On June 18, IAFF's General President, Harold Schaitberger released a statement for the one year anniversary of the Charleston fire and it stated "you can't find any good in the tragic deaths of the nine courageous men who died last year. The scope of the tragedy did raise awareness in Charleston and in fire departments across North America about the catastrophic consequences that can result when current fire safety, staffing, command and operational methods and practices are not followed... If there is a positive that can come out of this terrible tragedy, it is this: The legacy of the Charleston Nine will be a safer, better equipped, better trained, properly staffed and fully updated fire department. I know this union is committed to that goal."
I agree with him with all my heart. We in the fire service owe it to our fallen brothers in Charleston, to make sure such tragedies do not happen in the future. I believe that because of the great work that Gordon Routley and his team did in preparing the Charleston reports, most fire service members are aware of the tactical fire suppression errors that might have occurred in that incident. But, the reports also clearly point out that enforcement of fire prevention regulations and absence of the fire sprinkler systems directly contributed to the magnitude of this catastrophe. And most in the fire service still have not gotten that message and continue to ignore fire prevention enforcement.
And that is why Schaitberger's statement "catastrophic consequences that can result when current fire safety, staffing, command and operational methods and practices are not followed" is so important. It reflects and relays to the IAFF membership the important message, that fire safety and prevention is an integral part of any efforts to protect the firefighters and preventing future catastrophes.
I believe that firefighters must fully embrace fire prevention as an essential part of their duties, in not only protecting their communities, but also in providing for their own safety, and insuring that everyone goes home to their families at the end of their shifts.
That is a major cultural shift from today's reality where fire prevention is viewed by most in the fire service as a low priority, unglamorous support task, performed while on light duty, or as a temporary stepping stone assignment in their promotional process. We in the fire service need to change our perspective of fire prevention and evolve our culture to better embrace it. Our own Navy did it, and we can and must learn from them.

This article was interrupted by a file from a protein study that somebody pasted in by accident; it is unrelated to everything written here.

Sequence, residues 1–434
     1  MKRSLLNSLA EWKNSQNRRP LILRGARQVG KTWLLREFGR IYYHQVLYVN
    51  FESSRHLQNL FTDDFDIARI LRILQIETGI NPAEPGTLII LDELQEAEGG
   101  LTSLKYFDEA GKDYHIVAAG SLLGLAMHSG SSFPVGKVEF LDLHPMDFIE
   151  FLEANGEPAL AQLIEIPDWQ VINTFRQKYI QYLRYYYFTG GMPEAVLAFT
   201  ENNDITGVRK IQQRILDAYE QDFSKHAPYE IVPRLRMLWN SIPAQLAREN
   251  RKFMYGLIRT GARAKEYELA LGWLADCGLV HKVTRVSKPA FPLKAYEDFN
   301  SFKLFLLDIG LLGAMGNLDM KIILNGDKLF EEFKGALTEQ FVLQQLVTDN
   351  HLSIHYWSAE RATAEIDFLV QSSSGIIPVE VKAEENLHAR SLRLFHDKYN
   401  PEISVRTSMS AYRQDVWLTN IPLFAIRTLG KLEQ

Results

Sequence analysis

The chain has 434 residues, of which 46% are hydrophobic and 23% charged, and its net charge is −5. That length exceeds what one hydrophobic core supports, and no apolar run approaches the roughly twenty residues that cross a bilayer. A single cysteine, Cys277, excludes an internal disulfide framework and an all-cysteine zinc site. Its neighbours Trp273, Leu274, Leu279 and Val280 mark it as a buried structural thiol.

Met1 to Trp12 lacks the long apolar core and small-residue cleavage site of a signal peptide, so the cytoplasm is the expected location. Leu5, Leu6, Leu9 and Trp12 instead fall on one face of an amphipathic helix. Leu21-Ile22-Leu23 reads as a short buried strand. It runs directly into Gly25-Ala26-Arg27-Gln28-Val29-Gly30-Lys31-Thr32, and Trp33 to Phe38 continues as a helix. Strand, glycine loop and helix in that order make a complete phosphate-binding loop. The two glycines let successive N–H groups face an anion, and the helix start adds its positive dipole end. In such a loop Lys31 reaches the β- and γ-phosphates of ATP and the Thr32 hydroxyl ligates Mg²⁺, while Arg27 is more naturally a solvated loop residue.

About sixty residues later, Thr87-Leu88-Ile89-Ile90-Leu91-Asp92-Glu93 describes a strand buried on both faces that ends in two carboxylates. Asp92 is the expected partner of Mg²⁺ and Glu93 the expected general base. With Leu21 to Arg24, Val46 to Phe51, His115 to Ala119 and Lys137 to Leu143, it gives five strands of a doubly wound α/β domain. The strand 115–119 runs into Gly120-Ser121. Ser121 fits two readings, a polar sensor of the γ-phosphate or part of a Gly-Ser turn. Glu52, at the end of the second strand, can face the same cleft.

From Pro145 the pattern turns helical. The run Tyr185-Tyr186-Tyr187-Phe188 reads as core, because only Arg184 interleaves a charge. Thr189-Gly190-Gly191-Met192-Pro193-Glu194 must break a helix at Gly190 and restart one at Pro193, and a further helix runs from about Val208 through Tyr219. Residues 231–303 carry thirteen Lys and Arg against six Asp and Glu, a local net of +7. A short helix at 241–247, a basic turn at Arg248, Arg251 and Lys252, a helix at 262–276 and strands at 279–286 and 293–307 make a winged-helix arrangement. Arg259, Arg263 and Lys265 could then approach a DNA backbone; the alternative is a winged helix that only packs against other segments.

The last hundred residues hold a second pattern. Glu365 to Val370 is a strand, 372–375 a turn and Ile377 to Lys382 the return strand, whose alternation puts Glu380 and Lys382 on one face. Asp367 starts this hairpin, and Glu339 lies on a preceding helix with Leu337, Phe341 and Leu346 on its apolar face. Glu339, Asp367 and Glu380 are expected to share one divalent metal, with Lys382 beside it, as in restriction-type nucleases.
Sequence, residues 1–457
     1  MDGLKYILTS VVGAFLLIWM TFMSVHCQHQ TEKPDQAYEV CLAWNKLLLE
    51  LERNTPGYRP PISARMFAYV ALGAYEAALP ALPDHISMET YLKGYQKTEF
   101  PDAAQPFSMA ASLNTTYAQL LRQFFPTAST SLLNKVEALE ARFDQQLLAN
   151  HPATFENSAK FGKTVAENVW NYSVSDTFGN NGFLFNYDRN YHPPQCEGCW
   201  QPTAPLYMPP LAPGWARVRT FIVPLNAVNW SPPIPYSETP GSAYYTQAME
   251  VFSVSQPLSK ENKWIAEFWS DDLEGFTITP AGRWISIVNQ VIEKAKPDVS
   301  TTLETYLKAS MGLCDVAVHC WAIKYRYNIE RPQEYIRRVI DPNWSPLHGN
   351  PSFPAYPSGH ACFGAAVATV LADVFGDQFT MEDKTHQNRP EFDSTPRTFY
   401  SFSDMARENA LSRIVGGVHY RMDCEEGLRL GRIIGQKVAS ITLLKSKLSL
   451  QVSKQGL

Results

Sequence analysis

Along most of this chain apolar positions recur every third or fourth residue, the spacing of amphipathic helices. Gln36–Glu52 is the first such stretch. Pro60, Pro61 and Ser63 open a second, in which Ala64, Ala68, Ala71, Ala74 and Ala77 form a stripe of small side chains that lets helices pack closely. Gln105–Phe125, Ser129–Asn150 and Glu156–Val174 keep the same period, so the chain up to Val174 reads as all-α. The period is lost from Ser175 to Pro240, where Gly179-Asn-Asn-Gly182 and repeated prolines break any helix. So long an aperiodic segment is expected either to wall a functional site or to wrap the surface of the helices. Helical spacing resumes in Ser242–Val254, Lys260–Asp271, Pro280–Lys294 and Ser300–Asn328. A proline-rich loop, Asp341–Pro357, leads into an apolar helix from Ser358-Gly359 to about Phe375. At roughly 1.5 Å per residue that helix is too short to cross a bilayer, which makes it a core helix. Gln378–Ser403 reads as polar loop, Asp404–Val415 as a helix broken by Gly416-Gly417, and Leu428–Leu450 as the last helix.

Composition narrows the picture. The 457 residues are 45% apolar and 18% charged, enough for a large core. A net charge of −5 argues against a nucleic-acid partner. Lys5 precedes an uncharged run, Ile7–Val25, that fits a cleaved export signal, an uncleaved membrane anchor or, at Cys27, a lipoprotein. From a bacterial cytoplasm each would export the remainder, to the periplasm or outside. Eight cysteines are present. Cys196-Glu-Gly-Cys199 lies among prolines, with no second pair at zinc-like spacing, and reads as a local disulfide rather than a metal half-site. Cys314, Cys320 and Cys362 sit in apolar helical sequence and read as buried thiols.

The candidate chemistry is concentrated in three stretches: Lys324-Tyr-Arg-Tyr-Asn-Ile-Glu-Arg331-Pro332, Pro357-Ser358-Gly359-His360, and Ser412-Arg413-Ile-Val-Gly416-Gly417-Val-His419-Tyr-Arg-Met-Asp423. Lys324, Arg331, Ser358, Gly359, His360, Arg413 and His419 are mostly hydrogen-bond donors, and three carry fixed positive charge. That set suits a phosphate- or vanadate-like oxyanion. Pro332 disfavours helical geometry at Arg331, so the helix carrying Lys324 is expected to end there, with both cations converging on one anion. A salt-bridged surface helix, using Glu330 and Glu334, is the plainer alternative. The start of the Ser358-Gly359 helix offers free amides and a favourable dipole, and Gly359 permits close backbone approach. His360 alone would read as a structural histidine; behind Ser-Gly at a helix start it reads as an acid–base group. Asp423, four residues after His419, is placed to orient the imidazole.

Now talking about international perspectives and Navy, I must admit that because of all his extensive research in both those subjects, no one is more qualified and internationally better recognized as an authority, than my good friend Philip Schaenman with Tridata Division of Systems Planning Corp. Up to this point I wrote about the example of accountability in the Navy, but Phil has performed numerous research projects for the Navy on their fire prevention program and has written many reports on the subject. The following excerpt paragraphs from his March 2006 article in the Fire Chief magazine titled "First Class" is a mere glimpse, yet provides valuable insight into Navy's progressive views and importance of their fire prevention program.
"The Navy protects 1 million people worldwide on its installations, and it has about 1.7 fires per 1,000 population versus 5.3 fires per 1,000 in the general population. In other words, civilians have triple the Navy's rate of fires. The Navy also has had no fire fatalities for several years, versus 13 per million in the civilian sector. Injuries are low, as well. (In his peer review comment to my article, Schaenman says that as of August 2008, more recent Navy data on population protected suggests that the civilian rate may be "only" double the Navy rate, not triple.!)
In terms of dollar losses, Navy losses per fire are much lower than civilian losses for both residential and non-residential structure fires. While dollar loss estimates have many problems, we reviewed records of all fires over $100,000 in the Navy and instances where the Navy fire service believed it had averted larger losses. All evidence points to the low losses in the Navy being fact...
The excellent Navy fire record is the result of a variety of factors, some cultural. Because ship and aircraft fires can be disastrous to sailors, all Navy personnel are trained in firefighting and the dangers that may occur from fires at sea and on aircraft. This training carries over to onshore facilities and housing. The disciplined environment of military life contributes to awareness and carefulness, but safety doesn't just happen. It requires nurturing of safety attitudes, providing prevention information and developing skills to use when fire occurs.